Can Moms With Different Parenting Styles Be Friends?

There are as many parenting styles as there are parents. For real. And while I think that’s mostly a good thing – because it means that we’re being true to ourselves / our beliefs + customizing our approach to be a great fit for our unique kids – I can definitely see the potential for some awkward situations when your best friends choose a very different approach to parenting.

This article – Can Moms With Different Parenting Styles Be Friends? – raises some good questions and really got me thinking about the moms I’m friends with. Sometimes, it’s more comfortable to hang out with people who share your ideas. But as a super cautious, often over-protective mom, it’s good for me to see that other people are raising awesome kids who drink non-organic milk or get their clothes dirty from time to time (hehe) – and it helps me to loosen up in some areas that need loosening.

What do you think? Are most of your mommy friends like-minded, do you agree to disagree, or have differing opinions affected some of your friendships?

– Lindsay


2 thoughts on “Can Moms With Different Parenting Styles Be Friends?

  1. Fantastic article, Lindsay!!
    As much as I would like to claim the the title “I’m a Mommy & I don’t judge”, I can’t & I never will. I blame Adam & Eve.
    When couple friends have so much in common, I only assumed having children would add to the friendship.
    It was very disheartening the first time I noticed a friend’s parenting was far from mine and it was around the 2 year old mark. In theory, she wanted them to be the same but her big heart resorted to negotiation. Whereas, my mantra was, ” I don’t negotiate with 2 year olds”.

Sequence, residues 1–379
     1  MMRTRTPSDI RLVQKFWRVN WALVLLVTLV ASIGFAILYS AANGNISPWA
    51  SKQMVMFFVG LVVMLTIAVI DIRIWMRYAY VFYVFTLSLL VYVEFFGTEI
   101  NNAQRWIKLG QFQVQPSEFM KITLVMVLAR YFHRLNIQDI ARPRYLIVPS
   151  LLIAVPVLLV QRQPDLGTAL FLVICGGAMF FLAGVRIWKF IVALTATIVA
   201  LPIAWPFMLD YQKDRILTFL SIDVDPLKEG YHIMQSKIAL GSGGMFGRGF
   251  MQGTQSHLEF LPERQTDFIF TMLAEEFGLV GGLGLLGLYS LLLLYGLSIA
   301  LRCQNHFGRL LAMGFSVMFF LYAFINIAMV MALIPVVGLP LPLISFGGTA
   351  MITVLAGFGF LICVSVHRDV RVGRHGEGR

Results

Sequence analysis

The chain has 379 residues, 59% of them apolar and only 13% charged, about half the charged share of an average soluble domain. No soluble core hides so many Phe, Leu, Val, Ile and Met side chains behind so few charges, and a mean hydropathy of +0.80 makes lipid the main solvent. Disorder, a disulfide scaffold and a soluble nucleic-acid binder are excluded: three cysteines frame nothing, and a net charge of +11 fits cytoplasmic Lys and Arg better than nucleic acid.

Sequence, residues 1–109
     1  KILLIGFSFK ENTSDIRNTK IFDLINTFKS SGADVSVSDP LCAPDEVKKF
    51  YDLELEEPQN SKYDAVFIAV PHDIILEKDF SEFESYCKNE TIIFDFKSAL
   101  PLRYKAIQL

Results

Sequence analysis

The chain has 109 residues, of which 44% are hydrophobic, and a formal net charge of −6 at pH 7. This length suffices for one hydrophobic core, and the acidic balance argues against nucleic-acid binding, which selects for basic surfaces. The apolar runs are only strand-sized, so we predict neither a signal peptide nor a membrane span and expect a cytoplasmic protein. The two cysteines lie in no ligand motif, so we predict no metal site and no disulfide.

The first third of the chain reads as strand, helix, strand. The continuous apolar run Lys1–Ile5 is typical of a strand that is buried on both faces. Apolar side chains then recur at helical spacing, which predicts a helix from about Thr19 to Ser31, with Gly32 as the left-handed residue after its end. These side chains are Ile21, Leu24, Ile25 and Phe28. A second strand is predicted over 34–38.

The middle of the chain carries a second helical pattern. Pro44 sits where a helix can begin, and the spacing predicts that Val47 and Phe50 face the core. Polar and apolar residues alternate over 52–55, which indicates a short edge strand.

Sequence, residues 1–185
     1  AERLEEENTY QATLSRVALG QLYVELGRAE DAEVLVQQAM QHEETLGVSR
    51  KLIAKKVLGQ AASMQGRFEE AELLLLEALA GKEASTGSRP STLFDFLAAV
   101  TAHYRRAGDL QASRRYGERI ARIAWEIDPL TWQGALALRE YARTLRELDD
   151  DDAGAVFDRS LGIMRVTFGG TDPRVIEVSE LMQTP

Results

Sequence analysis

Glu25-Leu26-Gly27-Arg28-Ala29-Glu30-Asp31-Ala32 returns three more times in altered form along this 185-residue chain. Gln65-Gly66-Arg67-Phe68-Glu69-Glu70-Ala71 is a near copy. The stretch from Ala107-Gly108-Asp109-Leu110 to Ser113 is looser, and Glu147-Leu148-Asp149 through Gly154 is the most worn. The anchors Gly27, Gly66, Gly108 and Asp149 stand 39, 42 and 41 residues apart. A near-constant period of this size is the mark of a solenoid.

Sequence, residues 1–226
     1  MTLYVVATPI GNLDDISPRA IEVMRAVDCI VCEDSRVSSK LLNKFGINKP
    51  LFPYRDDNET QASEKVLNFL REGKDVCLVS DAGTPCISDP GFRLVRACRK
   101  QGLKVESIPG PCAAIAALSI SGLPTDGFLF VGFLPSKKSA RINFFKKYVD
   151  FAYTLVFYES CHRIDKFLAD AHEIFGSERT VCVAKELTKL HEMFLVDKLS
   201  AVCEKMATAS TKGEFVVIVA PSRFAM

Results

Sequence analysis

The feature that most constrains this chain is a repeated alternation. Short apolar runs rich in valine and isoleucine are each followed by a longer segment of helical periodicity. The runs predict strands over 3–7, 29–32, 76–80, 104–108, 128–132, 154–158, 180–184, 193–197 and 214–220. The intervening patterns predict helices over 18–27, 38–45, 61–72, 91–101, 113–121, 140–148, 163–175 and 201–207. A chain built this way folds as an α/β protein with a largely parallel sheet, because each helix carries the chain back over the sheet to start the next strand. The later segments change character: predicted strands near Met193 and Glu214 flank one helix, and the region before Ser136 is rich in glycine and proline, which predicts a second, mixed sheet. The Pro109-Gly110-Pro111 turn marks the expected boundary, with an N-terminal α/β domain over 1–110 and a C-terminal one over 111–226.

Her kids go to bed with bottles of milk & buys apple juice by the flat. Mine are lucky to get a sip of water before bed & apple juice is only for Nana’s house. She tries to talk her way through her kid’s tempertantrum while flailing limbs writhe on the floor. Mine got no attention & stuck in their bed until they calmed down. Her kids enjoy dancing on top of the ledge of her couch to “Mary Poppins” and mine are only allowed to sit on them, “the playground is outside!” I say. Her kids have sleep overs with each other or end up in my friends bed for night. This has been an uncomfortable subject to avoid as she has asked to do sleepovers frequently. If I can prevent any sleep interruptions I will, and have a strict rule about kids in our bed, though there are some exceptions.

    We continued to get together, we had discussions about it, usually in the 3rd person to make it more comfortable but never addressed it personally. I agree with the point in the article about the guilty feelings. I am probably too hard on my kids. I think we learned a bit from each other but more importantly, how to adapt. I won’t deny we went home early on occasion because my anxiety got in the way or we had a phone date instead.

    In the end, our friendship was more important than the juice, sleep & time-outs. Different strokes for different folks. Different kids require different parenting techniques. We are both trying to be good mom’s the best way we know how and I still love her.

  2. Thanks for sharing, Corinna! I think that most of us have had some form of that experience – whether it’s a parent who’s more lenient or more militant or just plain DIFFERENT.

    I agree that it’s possible to stay friends. More complicated/difficult, sometimes. But definitely possible.

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